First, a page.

23
Doc. tor by Elena Isaeva, Teatr.doc and Soundrama, New Drama Festival, Moscow, 2006
N
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·s
 
v
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ln
Doc. tor by Elena Isaeva, Teatr.doc and Soundrama, New Drama Festival, Moscow, 2006
26
Chernof?yl Prqyer by Svetlana Alexicvich, Lehtonen Production,
New Drama Festival, Moscow, 2006
Slavic and E ast European Performance Vol. 27, No.2
demonstrated how his company creates drama out of sound. Over a
baseline of audience humming, members of his Soundrama Studio added
voices and various types of musical instruments to create a musical dialogue.
His production of Passage made use of a similarly eclectic aural mix, with
recorded street sounds and classical and folk instruments interacting to depict
the literal experiences as well as the emotional reactions of characters. In
Doc.tor actors rapped, chanted, and provided percussion by snapping rubber
gloves to accompany stylized movement that depicted both the human
traumas encountered by the medical team and their efforts to express the
frustrations of their jobs. Just as Pankov combined electronically produced
sounds with live instruments in the aural performances of his production,
others at the festival mixed video with live performance. In Lehtonen
Production's Chernobyl Prqyer by Svetlana Alexievich, documentary footage of
the Chernobyl disaster provided a backdrop for the stories of victims. The
video, projected on large screens suspended in mid-air, helped evoke the
terrifying physical scale of the event, while intimate monologues provided
compelling individual instances of human suffering resulting from this tragic
event in Russian history. In Sarah Kane's 4.48 Psychosis, presented by the
Fantastic Reality Theatre of Syktyvkar, video provided vivid images of fire and
destruction to help convey the protagonist's internal agony.
In their raw exploration of human struggles and social problems, new
dramas may seem to offer a bleak portrait of contemporary Russian life. But
these plays also offer the potential for individual citizens to be given serious
attention on stage. Their stories might be told in plays about neglected teens,
alienated intellectuals, or frustrated office workers. Their words, overheard in
parks or on the metro, might become dramatic dialogue. A world of
uncertainty and change is also a world of endless possibilities. Today's curious
new audience member might be tomorrow's celebrated playwright. Anyone
might be a hero.
* Special thanks to Philip Arnoult for inviting me to attend the New Drama
Festival as part of the group sponsored by The Center for International
Theatre Development's New Directions-New Voices: Russian/U.S. Theatre
Initiative.
27
POLISH THEATRE 2006: A DIRECTOR'S REPORT
PART I
Kazimierz Braun
In the spring and summer 2006, I directed again in my native Poland,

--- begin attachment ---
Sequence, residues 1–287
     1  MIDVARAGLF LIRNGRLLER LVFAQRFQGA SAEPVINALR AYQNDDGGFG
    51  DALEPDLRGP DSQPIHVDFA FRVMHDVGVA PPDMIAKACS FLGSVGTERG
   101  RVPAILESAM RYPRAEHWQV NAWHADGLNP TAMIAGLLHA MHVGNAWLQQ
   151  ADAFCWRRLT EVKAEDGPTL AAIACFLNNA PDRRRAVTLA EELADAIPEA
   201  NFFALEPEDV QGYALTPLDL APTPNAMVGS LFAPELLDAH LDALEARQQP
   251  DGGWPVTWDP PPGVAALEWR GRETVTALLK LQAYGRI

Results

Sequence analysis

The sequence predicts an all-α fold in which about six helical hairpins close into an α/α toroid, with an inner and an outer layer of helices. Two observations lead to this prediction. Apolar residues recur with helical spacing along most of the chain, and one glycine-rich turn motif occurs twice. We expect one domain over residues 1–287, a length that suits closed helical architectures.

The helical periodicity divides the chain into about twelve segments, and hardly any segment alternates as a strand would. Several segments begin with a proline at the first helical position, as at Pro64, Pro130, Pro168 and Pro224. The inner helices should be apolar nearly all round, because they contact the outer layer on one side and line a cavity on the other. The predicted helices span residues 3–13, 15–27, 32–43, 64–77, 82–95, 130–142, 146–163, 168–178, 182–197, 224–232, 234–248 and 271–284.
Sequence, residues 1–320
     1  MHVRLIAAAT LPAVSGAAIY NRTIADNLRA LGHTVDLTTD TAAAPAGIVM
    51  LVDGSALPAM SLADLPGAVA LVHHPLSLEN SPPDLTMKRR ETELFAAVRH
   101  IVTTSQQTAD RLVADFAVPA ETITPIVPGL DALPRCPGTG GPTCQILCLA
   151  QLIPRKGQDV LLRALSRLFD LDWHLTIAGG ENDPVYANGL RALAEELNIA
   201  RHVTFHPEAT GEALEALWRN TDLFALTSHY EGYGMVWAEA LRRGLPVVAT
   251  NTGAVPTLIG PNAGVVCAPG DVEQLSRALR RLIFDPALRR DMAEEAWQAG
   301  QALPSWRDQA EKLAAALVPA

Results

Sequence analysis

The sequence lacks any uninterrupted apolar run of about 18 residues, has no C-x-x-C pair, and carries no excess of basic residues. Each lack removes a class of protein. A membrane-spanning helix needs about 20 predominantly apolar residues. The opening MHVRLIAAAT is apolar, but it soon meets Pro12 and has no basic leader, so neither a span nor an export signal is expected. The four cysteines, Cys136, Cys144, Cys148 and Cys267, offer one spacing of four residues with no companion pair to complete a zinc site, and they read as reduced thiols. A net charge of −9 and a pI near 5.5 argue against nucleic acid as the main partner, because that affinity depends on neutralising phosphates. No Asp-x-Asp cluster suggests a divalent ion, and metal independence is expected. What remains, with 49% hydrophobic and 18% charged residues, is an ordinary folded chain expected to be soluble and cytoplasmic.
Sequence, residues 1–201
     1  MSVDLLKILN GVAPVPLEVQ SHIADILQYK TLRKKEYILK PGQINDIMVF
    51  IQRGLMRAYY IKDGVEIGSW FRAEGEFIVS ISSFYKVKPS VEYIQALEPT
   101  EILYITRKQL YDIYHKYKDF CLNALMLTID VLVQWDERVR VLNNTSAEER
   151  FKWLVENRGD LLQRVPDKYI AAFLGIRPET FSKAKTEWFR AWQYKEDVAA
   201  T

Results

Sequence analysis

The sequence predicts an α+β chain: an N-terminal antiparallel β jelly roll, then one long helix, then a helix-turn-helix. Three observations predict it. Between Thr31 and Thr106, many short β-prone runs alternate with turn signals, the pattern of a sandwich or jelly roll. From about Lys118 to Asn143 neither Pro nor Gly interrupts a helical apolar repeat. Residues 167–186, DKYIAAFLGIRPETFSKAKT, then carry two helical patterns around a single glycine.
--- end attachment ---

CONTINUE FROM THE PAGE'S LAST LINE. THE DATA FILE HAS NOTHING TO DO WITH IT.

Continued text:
where I had worked as director, theatre manager, and academic for nearly
twenty-five years. My Polish career started with my debut as a director in
professional theatre in 1961 and lasted until 1984, when I was fired by the
Communist regime from my position of Artistic Director of the
Contemporary Theatre in Wrodaw and lost my job at Wrodaw University.
Eventually, I was forced to emigrate. I found many new colleagues, helpers,
and friends, and a new place in the United States. Since Poland regained its
independence in 1989, I return to Poland occasionally to direct, teach courses
or workshops at universities and schools of drama, participate in congresses
or symposia. I also publish in my native tongue. In America, I follow the latest
developments in Polish theatre.
I spent almost three months in Poland, from early May to late July
2006. During this time I directed and attended the theatre. I talked to many
theatre people and read reviews every day. I taught a workshop for directors,
participated in two international literary conferences, and made a number of
appearances at promotional meetings for my recently published Polish books.
1
This extended period in Poland gave me a fresh look at contemporary
Polish theatre both from the inside, that is, from the point of view of a
practicing artist, and from the outside, from the point of view of a spectator
and observer. After an apathetic hiatus in the 1990s, theatrical life in Poland is
again diverse and energetic. The public has returned to the theatres, including
opera, operetta, and musicals. In the following report, I will focus on my
contacts with the non-musical theatre.
I directed Roman Brandstaetter's Upadek kamiennego domu (Fall of a
Stone House) (1957) at the Solski Theatre in Tarn6w. The play belongs to the
European tradition of psychological and realistic drama started by Ibsen
enhanced by the symbolism found in Chekhov's plays. This complex realistic-
symbolic tradition was followed in Poland by Tadeusz Rittner in the 1910s and
by Jerzy Szaniawski from the 1920s until the 1940s.
The Fall of a Stone House is a play about human conscience and moral
28 Slavic and East European Performance Vol. 27, No.2
values in times of crisis. It tells the story of a young composer, Marco, who
during the war (the action takes place in Rome, in 1943) committed a crime of
omission: out of fear and selfishness he refused to help an underground